These brief indications of important aspects of the Japanese way of life should to some extent have clarified the contrast with conventional architectural observation, which only grasps the materially constructive and the formal. On the other hand, a consideration of important aspects of the Japanese cultural tradition, insofar as they are related to the house, permits the following comments: <12>
- Before the construction of a house is started in many places, even today, a simple sanctuary is set up as part of a celebration called the >festival for the quietening of the earth (calming the earth; jijinsai). Four corners of a rectangle are marked by green bamboo poles, set up and fixed in the earth. The uppermost part of the poles is left natural, while the branches are removed from the lower part. A sacred rope (shimenawa) fixed to the four bamboo poles delimits an elementary sacred precinct. In its centre a sacred seat of gods (yorishiro) - in itself a primitively made type of Yin-Yang symbol - is set up and divides the field into two parts of different significance. Thus this bipartition is an advance indication of the future house- plan (Fig. 12).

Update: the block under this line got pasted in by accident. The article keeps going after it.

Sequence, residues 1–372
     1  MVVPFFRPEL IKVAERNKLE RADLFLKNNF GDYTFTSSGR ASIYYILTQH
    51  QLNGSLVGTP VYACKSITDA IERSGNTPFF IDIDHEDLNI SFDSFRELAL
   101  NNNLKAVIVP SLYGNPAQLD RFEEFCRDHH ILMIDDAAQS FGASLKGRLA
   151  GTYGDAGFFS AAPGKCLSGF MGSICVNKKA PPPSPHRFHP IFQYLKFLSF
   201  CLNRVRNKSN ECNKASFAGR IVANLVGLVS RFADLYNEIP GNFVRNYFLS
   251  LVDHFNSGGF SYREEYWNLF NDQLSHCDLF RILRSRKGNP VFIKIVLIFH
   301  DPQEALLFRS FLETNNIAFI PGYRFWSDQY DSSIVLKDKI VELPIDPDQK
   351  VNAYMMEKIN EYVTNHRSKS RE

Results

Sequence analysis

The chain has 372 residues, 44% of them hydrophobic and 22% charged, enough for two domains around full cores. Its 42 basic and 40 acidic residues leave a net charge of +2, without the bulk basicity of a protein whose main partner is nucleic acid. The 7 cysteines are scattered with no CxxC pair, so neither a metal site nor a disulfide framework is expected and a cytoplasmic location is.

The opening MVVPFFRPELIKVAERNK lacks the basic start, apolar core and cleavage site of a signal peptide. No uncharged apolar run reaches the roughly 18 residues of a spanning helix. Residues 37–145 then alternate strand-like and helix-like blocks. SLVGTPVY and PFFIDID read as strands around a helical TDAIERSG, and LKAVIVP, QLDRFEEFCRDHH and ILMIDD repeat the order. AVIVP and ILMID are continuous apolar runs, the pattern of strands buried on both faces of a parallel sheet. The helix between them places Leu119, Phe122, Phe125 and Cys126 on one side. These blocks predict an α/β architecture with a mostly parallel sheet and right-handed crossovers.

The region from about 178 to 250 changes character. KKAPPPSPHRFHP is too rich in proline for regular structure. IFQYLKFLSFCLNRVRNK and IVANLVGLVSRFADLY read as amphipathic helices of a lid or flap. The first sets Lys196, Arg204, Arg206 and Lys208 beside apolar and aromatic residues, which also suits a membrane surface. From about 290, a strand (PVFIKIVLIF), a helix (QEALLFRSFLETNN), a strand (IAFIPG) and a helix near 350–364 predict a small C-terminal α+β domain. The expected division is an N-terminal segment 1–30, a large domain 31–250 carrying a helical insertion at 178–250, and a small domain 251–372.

- Many rural house-types show a cult pillar (daikokubashira) in the centre. It usually stands on the line of delimitation between the two differently evaluated parts of the house plan. It is dedicated to the gods of happiness, Daikoku and Ebisu. Their cult is supposed to bring wealth and happiness to the house. Usually the pillar does not bear loads. Its decorated upper part juts into the sacred space of the roof. Thus it marks one of the cult places of the house (see Fig. 12, central and upper part; for details of cult-pillar and cult see Eder 1963). <9>
- The hearth too and the place where the water comes in are still interpreted as seats of deities, particularly in rural areas (kama no kami, mizugami). They are regularly the centre of certain cult activities (Fig. 12, centre, earth part at the right and Fig. 13). For details see Eder (1963).